I'm going to put a plug in for Rentals Unlimited here: because I had to take the drill back and get the correct bit, they waived the $15 charge. That is awesome customer service.

Here is the window wall with drywall and the first coat of joint compound.

You don't see it in this picture (you should) and it slipped my mind for the longest time, but I drywalled right over the HVAC vent. OOPS!

We had to build a box over the refrigerator for the new cabinets. Here it is:

Days later, and right before I was to start hanging cabinets, I realized the box was the wrong size...It needed to be 3 inches bigger. ARGH! This disrupted my carefully prepared timetable. I had to build up 3 more inches, hang drywall, tape and apply two coats of joint compound.

Two coats of joint compound added two days to my schedule.

Smart Tip

Ever wondered where the studs were in your wall when hanging stuff? Well, after construction was complete on our addition, I frequently wondered where the studs were. That gave me the idea to take photos of future projects before the drywall went up. Here is the left side of the wall I rebuilt. The numbers in red are inches to the sheetrock on the left side.
 Here is the Top:
And the right side.
This came in handy when I was hanging the cabinets, I whipped out the camera and zoomed in on the numbers to see where the studs were.


When we opened up the ceiling, we found the power lines were all just draped over the drop ceiling, the stove wall was built out with 2x3's and the ductwork for the next room was hanging below the rafters.
You can see that we used straps of metal to pull the ductwork up. The ductwork couldn't be pulled all the way up, so we built up the joists with scrap wood to secure the drywall. So, technically, my drywall dips down there, but you can't tell by looking at it.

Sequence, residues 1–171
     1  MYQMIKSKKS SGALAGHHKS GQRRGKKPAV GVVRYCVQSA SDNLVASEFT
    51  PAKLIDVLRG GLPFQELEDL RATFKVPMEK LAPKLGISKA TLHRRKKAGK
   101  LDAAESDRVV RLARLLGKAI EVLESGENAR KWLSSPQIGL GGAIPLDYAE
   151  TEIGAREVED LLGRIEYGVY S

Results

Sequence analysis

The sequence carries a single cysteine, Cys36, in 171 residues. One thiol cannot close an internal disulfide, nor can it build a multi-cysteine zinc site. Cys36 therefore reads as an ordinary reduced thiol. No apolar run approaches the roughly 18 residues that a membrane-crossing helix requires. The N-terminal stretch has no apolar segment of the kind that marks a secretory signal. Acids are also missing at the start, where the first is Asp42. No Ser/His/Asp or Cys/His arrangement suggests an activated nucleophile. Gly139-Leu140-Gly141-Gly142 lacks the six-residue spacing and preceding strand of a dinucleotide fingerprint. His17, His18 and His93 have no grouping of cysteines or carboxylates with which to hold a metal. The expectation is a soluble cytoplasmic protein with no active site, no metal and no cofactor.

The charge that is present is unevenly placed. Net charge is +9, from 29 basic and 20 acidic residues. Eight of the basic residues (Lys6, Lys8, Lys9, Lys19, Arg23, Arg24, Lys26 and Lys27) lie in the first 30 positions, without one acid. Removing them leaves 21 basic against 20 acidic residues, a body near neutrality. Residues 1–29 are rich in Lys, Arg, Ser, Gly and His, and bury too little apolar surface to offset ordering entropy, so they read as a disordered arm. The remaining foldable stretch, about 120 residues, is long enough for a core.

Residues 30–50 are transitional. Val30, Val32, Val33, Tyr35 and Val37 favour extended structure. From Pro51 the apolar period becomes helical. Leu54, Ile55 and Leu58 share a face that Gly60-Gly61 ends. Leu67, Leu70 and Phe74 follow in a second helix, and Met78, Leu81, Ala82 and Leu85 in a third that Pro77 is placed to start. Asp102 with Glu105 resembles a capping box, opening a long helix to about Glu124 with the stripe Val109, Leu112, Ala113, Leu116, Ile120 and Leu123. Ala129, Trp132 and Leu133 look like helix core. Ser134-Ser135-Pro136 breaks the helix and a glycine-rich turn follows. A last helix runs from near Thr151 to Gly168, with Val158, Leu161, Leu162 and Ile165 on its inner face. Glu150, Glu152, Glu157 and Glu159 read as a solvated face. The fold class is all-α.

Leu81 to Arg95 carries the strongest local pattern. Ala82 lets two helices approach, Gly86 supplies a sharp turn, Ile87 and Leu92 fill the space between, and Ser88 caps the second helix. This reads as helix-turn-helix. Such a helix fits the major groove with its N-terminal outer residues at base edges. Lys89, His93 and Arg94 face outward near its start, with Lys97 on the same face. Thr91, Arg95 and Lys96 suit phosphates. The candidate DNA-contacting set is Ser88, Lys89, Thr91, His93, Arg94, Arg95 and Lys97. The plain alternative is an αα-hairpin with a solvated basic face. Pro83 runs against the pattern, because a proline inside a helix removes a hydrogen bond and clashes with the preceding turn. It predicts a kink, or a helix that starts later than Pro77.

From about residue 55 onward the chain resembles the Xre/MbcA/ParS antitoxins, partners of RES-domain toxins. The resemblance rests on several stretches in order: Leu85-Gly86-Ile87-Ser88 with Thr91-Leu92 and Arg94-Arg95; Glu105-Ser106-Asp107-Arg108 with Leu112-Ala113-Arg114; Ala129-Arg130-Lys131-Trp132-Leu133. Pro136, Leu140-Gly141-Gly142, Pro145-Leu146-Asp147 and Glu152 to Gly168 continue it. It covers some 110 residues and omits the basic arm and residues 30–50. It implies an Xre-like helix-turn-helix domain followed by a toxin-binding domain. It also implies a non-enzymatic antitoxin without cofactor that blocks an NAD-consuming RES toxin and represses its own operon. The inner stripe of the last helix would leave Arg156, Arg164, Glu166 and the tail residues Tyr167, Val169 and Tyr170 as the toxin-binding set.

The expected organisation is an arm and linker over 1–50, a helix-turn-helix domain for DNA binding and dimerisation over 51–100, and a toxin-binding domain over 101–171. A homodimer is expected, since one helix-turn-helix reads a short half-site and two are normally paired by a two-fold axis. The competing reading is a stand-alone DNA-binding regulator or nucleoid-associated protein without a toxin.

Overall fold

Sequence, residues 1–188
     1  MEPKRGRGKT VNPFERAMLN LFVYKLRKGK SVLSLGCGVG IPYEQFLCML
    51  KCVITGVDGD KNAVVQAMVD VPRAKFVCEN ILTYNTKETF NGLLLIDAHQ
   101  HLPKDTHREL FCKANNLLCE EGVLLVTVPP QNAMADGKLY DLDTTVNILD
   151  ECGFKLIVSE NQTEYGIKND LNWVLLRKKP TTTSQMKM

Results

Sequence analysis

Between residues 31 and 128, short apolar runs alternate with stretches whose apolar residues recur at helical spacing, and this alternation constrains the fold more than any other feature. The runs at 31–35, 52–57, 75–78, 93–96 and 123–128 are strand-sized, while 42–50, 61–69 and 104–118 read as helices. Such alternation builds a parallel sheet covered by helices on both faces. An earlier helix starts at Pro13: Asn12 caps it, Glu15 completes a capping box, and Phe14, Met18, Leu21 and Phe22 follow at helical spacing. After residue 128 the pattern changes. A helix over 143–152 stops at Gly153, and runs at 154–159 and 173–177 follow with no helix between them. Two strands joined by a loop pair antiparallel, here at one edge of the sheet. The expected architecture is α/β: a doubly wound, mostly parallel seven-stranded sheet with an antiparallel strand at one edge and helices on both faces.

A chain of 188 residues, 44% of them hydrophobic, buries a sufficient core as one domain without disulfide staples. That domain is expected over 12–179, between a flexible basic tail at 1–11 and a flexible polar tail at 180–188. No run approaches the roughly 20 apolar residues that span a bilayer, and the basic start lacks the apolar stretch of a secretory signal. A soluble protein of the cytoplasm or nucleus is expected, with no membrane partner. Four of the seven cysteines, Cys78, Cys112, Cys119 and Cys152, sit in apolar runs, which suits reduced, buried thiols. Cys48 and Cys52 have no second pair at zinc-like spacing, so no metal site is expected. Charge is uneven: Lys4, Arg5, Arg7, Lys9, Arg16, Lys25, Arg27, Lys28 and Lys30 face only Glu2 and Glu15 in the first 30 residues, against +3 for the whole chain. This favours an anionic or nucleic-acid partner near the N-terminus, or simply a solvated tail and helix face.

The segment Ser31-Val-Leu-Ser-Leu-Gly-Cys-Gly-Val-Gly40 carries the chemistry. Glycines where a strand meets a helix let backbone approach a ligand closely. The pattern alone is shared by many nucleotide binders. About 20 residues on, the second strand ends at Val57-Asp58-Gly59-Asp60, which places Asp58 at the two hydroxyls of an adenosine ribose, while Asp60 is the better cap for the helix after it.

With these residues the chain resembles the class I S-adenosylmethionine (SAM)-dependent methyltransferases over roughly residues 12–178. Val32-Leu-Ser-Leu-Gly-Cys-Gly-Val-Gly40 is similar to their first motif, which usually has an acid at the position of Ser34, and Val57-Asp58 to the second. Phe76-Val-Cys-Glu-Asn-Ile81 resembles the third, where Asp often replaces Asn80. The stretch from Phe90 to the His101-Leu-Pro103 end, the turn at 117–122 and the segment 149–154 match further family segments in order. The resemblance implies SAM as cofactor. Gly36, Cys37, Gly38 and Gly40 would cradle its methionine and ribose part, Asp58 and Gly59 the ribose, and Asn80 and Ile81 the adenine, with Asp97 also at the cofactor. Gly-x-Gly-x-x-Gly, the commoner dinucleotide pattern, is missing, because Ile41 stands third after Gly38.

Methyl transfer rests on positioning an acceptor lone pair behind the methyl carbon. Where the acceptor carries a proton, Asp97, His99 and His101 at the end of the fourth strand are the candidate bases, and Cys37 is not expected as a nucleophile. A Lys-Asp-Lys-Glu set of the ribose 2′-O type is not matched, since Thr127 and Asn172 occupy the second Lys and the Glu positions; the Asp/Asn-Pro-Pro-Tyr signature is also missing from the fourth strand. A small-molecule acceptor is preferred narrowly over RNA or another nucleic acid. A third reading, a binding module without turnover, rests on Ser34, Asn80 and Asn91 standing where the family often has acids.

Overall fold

The vent into the kitchen was a huge box that had to be cut down to fit the new ceiling height. Here's the final product.

I did that with a hacksaw and a pair of tin snips.

Monday, July 12, 2010

Watts Happening?

So, Dependable One Electricians showed up today and did an awesome job rewiring my kitchen. They were top rated for quality in Washington Consumer Checkbook magazine and I found them to be very affordable. They got everything done and I scheduled the rough-in electrical inspection tomorrow.

If it gets approved, I can insulate the walls and start putting up the Sheetrock. Tape and spackle will take a couple of days, but then I can start hanging cabinets. I need to have the cabinets in by Saturday so that I can get the counter guys in to give me a quote. The counters will take a couple of days, then I can finish the plumbing and install the cooktop. I should have a working kitchen by 7/23 at the latest. Window goes in 7/26.

A Big Hole In The Wall And No AC

Sunday my brother-in-law James joined us to help get the room ready for the electricians. He brought a sawzall, which is almost as much fun as a chainsaw. We pulled the huge window out. Here's my dad and my BIL James doing the heavy lifting (notice I'm supervising):